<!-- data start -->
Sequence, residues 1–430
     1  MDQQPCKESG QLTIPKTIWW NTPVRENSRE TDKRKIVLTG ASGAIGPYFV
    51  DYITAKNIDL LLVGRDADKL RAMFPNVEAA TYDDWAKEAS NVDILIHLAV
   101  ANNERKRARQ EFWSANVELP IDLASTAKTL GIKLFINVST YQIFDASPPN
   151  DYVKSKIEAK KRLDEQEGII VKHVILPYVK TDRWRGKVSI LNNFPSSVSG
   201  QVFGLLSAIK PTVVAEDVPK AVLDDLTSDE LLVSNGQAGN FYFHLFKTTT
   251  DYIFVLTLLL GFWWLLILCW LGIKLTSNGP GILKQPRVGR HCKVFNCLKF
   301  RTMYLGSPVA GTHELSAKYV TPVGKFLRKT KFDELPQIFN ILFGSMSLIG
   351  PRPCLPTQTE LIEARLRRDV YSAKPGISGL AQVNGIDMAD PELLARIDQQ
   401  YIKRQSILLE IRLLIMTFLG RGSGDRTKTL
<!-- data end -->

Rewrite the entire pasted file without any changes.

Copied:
Sequence, residues 1–430
     1  MDQQPCKESG QLTIPKTIWW NTPVRENSRE TDKRKIVLTG ASGAIGPYFV
    51  DYITAKNIDL LLVGRDADKL RAMFPNVEAA TYDDWAKEAS NVDILIHLAV
   101  ANNERKRARQ EFWSANVELP IDLASTAKTL GIKLFINVST YQIFDASPPN
   151  DYVKSKIEAK KRLDEQEGII VKHVILPYVK TDRWRGKVSI LNNFPSSVSG
   201  QVFGLLSAIK PTVVAEDVPK AVLDDLTSDE LLVSNGQAGN FYFHLFKTTT
   251  DYIFVLTLLL GFWWLLILCW LGIKLTSNGP GILKQPRVGR HCKVFNCLKF
   301  RTMYLGSPVA GTHELSAKYV TPVGKFLRKT KFDELPQIFN ILFGSMSLIG
   351  PRPCLPTQTE LIEARLRRDV YSAKPGISGL AQVNGIDMAD PELLARIDQQ
   401  YIKRQSILLE IRLLIMTFLG RGSGDRTKTL